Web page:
Improving some, and then almost without noticing it, going backwards in the training. Several rides start cropping up where you’re wondering – just what happened?
For a while we were working on other things but now, back to basics. Simple transitions from free walk, to walk, (how hard can it be!?) to trot, canter, back to trot.
Without someone saying Neh, I’m going to counter flex, brace and push back, fall out, resist, move like an insect, or anything else creative.
Going to buckle down on that for a couple of rides, bringing my first level horse back to where we were. Let you know how it goes.
Tiny bit less noise from this blog lately, right? Almost quiet.
There’s a tight, tight, schedule of, something else… I’ve run out of hours.
Look in any category, and find wonderful writers with so much to say, well thought out words and intricate patterns of sentences laced just so, evoking just what they were intended to.
It takes a lot of patience to create, I’m sure. An art.
Before running out of hours, I really enjoyed stumbling on posts laying it out there, sharing absolutely unique stories, heartbreak, struggles, and interesting twirls from lives in posts of so many various forms. Inspiring or painful reads, fleshing themselves out in snippets available to any one up late having a hard time falling asleep.
This site keeps it Short and Straight, with horses and horse training, not all that personal.
But you’ve been around for so long we’re becoming friends. Thought I should tell you why it’s been a little more quiet. Nothing illegal, sure. Just many hours each week directed on something, else.
Or, full disclosure, here’s where she is for 3seconds in the training!
The canter is really coming along, which is so encouraging! Right now our problem is to stay within the set tempo.
Earlier, she’d rather not bother to canter much at all. Now, she’s gotten stronger and rounder over her back, and has decided it should be done with gusto, faster and faster. Or yeah, not-at-all-thank-you-very-much-I’m-stopping-alltogether-now.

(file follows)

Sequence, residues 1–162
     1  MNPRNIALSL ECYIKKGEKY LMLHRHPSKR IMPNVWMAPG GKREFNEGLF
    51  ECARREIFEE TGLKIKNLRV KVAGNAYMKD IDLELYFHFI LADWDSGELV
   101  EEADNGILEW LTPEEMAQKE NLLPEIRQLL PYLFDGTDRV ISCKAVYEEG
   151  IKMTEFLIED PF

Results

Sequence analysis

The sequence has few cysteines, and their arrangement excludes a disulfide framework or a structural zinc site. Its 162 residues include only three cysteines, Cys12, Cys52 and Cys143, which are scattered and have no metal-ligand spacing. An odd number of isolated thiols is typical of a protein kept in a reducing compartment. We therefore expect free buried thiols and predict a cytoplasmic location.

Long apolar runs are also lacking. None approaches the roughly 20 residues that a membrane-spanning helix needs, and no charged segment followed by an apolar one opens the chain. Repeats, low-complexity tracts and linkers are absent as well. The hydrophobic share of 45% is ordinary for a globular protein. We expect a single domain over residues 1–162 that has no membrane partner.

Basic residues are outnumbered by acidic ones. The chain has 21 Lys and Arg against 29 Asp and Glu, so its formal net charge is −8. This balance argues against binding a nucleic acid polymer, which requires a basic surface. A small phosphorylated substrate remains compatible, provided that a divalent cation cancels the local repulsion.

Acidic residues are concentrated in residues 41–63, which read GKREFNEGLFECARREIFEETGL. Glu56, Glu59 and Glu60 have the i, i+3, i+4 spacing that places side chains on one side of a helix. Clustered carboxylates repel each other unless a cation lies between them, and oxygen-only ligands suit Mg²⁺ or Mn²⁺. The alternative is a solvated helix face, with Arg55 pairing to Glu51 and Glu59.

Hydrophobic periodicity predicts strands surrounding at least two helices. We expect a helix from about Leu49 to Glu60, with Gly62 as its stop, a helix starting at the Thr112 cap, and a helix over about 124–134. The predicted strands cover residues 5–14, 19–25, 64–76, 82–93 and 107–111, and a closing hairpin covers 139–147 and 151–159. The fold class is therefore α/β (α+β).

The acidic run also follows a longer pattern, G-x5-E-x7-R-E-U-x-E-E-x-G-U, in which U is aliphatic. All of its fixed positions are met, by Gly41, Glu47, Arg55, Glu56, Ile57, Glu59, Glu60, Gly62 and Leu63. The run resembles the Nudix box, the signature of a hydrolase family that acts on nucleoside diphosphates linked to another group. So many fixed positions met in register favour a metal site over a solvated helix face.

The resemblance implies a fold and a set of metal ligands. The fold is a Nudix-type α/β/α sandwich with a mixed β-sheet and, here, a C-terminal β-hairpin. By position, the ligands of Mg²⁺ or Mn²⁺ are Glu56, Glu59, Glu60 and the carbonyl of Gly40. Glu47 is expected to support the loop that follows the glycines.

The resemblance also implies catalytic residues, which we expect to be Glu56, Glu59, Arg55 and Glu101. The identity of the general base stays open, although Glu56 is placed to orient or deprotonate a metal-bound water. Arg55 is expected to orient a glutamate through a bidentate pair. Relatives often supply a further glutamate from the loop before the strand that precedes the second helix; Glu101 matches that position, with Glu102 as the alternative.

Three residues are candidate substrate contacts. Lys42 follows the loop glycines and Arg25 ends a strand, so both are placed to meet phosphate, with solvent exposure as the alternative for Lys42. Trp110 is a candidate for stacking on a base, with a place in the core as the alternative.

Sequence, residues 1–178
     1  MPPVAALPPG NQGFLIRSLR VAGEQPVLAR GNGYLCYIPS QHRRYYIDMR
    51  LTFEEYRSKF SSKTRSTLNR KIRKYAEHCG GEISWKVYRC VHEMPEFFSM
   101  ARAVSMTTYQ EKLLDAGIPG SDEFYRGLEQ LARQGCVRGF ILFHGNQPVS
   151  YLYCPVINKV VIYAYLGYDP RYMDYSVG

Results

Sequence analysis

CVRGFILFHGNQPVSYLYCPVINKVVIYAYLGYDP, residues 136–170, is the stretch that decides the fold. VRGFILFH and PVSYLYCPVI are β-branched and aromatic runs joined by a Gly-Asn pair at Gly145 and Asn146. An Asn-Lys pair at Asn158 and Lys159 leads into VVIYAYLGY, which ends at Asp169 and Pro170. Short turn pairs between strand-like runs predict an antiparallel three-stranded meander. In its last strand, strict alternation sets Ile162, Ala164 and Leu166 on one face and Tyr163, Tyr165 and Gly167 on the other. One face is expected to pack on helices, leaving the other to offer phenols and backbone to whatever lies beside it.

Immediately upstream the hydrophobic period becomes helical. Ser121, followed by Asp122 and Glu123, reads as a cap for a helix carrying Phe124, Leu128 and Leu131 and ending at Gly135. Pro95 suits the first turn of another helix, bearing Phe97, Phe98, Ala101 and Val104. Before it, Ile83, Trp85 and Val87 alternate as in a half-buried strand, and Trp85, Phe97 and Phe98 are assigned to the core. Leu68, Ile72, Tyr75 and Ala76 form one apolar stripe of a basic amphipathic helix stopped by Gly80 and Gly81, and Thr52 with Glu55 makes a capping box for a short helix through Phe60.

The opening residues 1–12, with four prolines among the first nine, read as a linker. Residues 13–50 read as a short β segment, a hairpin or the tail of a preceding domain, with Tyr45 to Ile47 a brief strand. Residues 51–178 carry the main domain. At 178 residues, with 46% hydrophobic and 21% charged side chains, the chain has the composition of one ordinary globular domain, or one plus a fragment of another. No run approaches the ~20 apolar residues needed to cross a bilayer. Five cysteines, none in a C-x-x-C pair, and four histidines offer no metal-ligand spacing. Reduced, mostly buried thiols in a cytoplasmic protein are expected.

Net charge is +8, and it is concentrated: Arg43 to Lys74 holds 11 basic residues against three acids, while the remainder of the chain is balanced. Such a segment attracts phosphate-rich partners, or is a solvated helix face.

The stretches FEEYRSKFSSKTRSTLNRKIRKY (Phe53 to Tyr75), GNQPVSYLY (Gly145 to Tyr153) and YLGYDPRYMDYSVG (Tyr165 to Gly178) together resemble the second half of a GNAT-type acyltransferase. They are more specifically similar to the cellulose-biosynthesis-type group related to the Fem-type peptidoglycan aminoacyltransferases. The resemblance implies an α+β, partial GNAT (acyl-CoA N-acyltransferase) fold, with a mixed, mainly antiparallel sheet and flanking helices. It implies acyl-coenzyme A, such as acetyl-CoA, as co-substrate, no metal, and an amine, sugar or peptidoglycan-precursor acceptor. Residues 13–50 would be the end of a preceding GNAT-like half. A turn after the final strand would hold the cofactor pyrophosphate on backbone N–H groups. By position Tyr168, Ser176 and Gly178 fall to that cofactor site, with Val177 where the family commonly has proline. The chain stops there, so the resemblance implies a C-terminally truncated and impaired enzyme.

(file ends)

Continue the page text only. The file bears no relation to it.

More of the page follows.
Have to regulate it just right. Last week, that seemed like it would take forever. She hated it. Then Friday I tried some (almost) serpentine work just for kicks and she stayed so soft and controlled through the turn on both leads.
Thrilled with her! Paying NO attention to transitions that time. Would have been too much…
Trying to leg yield both to, and away from, the rail. Sometimes it works.
Another great thing (but at the same time challenging for now.) is a huge amount of blow/snorting during the canter. She used to be quiet, never breathing all the way through, not truly releasing and giving the feeling she was working in it.
Several rides she’s done so much relaxing and blowing that we completely fall apart and have to start over. Very good problem to have! Just need to figure out how to allow it to happen and carry on, earlier.
Last week, several of those rides where I seriously considered the sanity in doing this.
Backing and training a young horse, spending endless time effort and resources on getting her to be a decent citizen. All the while having so many things go wrong. Some days she still feels barely greenbroke.
Then a ride here and there will be a giant step forward, and it all seems worth it.
Lately, the canter has been a major sticking point. Getting worse. Irregular, fourbeat, sticky, hesitant, tight, low, crabby, small, you name it. Definitely not improving.
Just like you, I’ve tried all sorts of ways to help create a more free-flowing, ground winning, basic canter. How hard can it be, right?! She doesn’t care. We Crab-Canter on…
No wait, I actually really like her right there above, but it doesn’t last for long. Then she dives down again, looses rhythm, or canters like a Weiner dog.
On her own, it’s a bit better sometimes. If you don’t love to be greeted like this (And all for a cookie, really!?…) then something is wrong.